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Issue #130 - 11/11
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Issue #130 November 2011 - Regions in Israel

 

Shalom friends,
Israel is a land of diversity – people, climate, religions, customs, food – we have so many different aspects in this place – some are due to people that have gathered here from all over the world, and some are due to the special location of the land of Israel. We have the desert in the south, the snow-capped mountains in the north, the Mediterranean Sea in the west and the Syrian-East African Rift in the east. Israel is a small country that has diverse geographical regions. In today’s issue we will meet the main regions of the land of Israel.
 
מִישׁוֹר הַחוֹף 
(Mishor haXof, the Coastal Plain)
The narrow Coastal Plain along Israel's Mediterranean Sea coast stretches from the northern border to the southern border, interrupted only by Cape Carmel at Haifa Bay. The region is fertile and has a Mediterranean climate. About 57% of Israel's population lives in the coastal plain, much of them in the Tel Aviv metropolitan area.
מישור החוף
הַגּוֹלָן 
(haGolan, the Golan)
The Golan Heights are located at the north-east of Israel. This elevated plateau is rich in history, archeological landmarks, scenic streams, mountains and waterfalls. The Golan is part of volcanic basalt fields that were created in a series of volcanic eruptions. The Golan Heights contribute significantly to the water resources of the region, providing about 15% of Israel's water supply. 

מפל סער. צלם: יוסי עזרא

 
הַגָּלִיל 
(haGalil, the Galilee)
East of the northern coastal plain lie the beautiful and green mountains and hills of Upper Galilee and Lower Galilee. The Galilee enjoys relatively low temperatures and high rainfall as well as many streams and waterfalls. As a result of this geographical condition, colorful wildflowers and wildlife thrive in the region. The natural beauty as well as numerous towns of biblical importance make the region a popular tourist destination.
גליל
(Har haKarmel) Mount Carmel 
Mount Carmel is a coastal mountain range in the north of  Israel stretching from the Mediterranean Sea towards the southeast. The range is a UNESCO biosphere reserve and a number of towns are located there, most notably is the city of Haifa, Israel's third largest city, located on the northern slope.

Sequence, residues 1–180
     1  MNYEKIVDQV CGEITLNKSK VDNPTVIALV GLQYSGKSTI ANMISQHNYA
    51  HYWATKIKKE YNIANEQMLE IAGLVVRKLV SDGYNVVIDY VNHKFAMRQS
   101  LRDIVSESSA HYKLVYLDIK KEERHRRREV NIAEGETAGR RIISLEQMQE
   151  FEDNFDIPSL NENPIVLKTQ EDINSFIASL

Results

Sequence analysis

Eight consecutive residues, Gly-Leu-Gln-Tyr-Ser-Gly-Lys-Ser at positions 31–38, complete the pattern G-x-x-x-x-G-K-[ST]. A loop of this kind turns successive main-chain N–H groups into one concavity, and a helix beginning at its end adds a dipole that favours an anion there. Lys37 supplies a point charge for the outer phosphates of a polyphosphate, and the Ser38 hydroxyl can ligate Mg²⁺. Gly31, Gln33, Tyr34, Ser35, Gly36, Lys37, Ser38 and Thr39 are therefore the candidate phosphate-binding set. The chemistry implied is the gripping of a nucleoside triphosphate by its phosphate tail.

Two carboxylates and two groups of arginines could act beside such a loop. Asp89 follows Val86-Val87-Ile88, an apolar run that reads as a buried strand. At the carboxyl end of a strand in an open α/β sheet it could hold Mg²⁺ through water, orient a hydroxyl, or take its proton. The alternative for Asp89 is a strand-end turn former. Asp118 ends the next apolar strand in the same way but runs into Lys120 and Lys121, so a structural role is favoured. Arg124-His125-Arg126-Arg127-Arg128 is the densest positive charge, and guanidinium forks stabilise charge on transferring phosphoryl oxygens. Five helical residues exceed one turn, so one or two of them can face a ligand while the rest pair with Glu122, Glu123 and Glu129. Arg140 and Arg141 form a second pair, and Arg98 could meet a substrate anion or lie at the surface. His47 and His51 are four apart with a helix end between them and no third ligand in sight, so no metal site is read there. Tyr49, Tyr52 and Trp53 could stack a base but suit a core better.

הר הכרמל. צלם: בן כהן

 

הַשָּׁרוֹן
(Sharon)
The Sharon Plain is the northern half of the coastal plain of Israel. Its largest city is Netanya. The Plain lies between the Mediterranean Sea to the west and the Samarian Hills to the east. It stretches from Haifa and Mount Carmel in the north to the Yarkon River in the south, at the edge of Tel Aviv. The Sharon has a very fertile land and is known for its citrus groves.

רמת השרון. צלמת: יהודית גרני-כל

 
 
הַשְּפֵלָה
(haShfela, the Lowland)
The Shfela is a region in south-central Israel of 10-15 km of low hills. In biblical times it was one of the regions allotted to the Tribe of Judah. Today it is a largely rural area with many villages engaging in agriculture.

נחל שורק ביבנה

 

הָרֵי הַשּׁוֹמְרוֹן וְהָרֵי יְהוּדָה
(Harey haShomron veHarey Yehuda, the Samarian Hills and the Judean Hills)
East of the coastal plain and west of the Jordan River lie the Samarian Hills with numerous small, fertile valleys, and the Judean Hills where Jerusalem and several other biblical cities are located.
הרי יהודה
בִּקְעַת הַיַּרְדֵּן
(Bik’at haYarden, Jordan Rift Valley)
The Jordan Rift Valley is a small part of the 6,500 kilometers (4,039 mi)-long Syrian-East African Rift. In Israel the Rift Valley is dominated by Israel's largest river - the Jordan River , the Sea of Galilee (כנרת, kineret) and the Dead Sea - the lowest surface point on the earth. South of the Dead Sea, the Rift Valley continues to the Arava (ערבה, arava) with no permanent water flow to the Gulf of Eilat.
בקעת הירדן
הַנֶּגֶב
(Negev)
The Negev Desert comprises of approximately 12,000 square kilometers (4,633 sq mi), more than half of Israel's total land area. Geographically it is an extension of the Sinai Desert, forming a rough triangle with its base in the north near Beersheba, the Dead Sea, and the southern Judean Hills, and it has its apex in the southern tip of the country at Eilat. The Negev is a rocky desert. It is a mélange of brown, rocky, dusty mountains interrupted by wadis (dry riverbeds that bloom briefly after rain) and deep craters.
נגב
 
In our previous newsletters, we met many of the regions. We will continue to visit some other regions of our beautiful and diverse country in the following newsletters.
 
לְהִתְרָאוֹת בְּיִשְׂרָאֵל,
Lehitra’ot beYisra’el,
See you in Israel,
 
שִׁירָה כֹּהֵן-רֶגֶב
Shira Cohen-Regev
Hebrew Teacher @ eTeacherHebrew